“The ability to work in a space meant explicitly for Latinx peoples by Latinx peoples, despite being remote, was incredibly affirming for me,” said Teresa Ascencio ’22, who starred in CAGED. “I learned so much about myself, my acting counterparts, and the current crisis at the border, along with ways we as artists can create work that has socio-political messages and can reframe the way we see the world.” Also a member of the cast of CAGED, Victoria Silva ’22 recognized the experience as an unique opportunity. “Being able to be a part of a show that focused on Latinx issues and highlighted the need for social reform gave me an amazing opportunity to work on great theatre for social change,” she said.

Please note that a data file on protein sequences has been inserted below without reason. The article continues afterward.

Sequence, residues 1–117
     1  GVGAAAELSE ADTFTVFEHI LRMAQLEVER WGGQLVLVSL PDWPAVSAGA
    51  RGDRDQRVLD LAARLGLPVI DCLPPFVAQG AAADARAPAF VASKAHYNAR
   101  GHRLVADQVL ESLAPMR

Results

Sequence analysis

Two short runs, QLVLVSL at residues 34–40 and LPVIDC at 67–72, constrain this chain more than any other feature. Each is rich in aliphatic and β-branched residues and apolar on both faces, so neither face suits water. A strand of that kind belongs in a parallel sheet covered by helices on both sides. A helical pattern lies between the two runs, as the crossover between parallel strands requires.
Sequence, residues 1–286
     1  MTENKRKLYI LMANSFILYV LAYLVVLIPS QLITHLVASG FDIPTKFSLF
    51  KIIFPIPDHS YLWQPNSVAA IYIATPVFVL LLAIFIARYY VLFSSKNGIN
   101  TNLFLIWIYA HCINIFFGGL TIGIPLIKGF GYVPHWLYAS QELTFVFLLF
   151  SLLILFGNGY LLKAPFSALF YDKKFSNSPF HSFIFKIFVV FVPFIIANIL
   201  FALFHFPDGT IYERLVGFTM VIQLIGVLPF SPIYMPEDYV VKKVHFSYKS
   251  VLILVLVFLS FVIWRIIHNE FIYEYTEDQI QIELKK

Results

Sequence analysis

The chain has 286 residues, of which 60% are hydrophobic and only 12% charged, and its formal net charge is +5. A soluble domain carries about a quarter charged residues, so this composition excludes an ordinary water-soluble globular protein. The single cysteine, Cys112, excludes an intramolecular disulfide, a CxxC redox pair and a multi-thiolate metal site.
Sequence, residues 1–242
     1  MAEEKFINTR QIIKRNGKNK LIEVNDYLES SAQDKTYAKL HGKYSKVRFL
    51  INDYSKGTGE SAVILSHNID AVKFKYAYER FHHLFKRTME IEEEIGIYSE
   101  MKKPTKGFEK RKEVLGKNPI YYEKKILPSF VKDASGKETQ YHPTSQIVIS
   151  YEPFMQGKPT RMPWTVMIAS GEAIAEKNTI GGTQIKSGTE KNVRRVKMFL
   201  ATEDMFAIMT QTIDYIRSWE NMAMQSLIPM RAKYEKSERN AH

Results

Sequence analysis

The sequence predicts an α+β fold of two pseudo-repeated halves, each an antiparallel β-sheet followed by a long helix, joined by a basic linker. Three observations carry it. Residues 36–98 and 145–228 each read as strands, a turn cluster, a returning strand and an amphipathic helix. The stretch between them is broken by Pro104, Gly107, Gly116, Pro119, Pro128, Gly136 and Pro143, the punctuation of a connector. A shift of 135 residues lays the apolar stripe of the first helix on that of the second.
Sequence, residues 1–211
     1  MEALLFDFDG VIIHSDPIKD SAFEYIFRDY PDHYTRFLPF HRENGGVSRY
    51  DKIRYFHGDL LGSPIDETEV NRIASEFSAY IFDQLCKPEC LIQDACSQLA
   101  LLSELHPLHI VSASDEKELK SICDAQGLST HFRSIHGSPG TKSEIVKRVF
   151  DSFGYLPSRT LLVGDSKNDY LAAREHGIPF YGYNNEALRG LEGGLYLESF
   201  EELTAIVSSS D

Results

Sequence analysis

The process did not unfold like a typical show. Noriega contacted the playwrights before auditions and spoke to them about the kinds of themes and topics he would be interested in presenting. “What was unique about this process was that the students were assigned a playwright; rather than auditioning for a specific role, they were auditioning to have a play written for them,” Noriega said. Auditions took place in September with a “phenomenal turnout,” said Noriega. “Nearly 60 students auditioned for the fall production, which is a record for the department.” The director cast a total of 24 performers and worked with six assistant directors and stage managers, as well as the department production team: Naoko Skala, designer and professor of theatre; Suwatana Pla Rockland, costume designer and shop supervisor; Mike Schafer, technical director; and Joe Skala, assistant technical director. New to Wooster Theatre in this far-from-normal year, Naoko Skala and Rockland found they learned from being involved. “Everything was new, unknown, and unpredictable, but I feel I became a better and stronger theatre practitioner through it all,” said Skala. About the design process, Rockland added, “It was a pleasure and delight to work with such a talented director, actors, and production team. While it was a challenge to design the costumes without actual in-person fittings, everyone communicated so well, and we were able to succeed together.”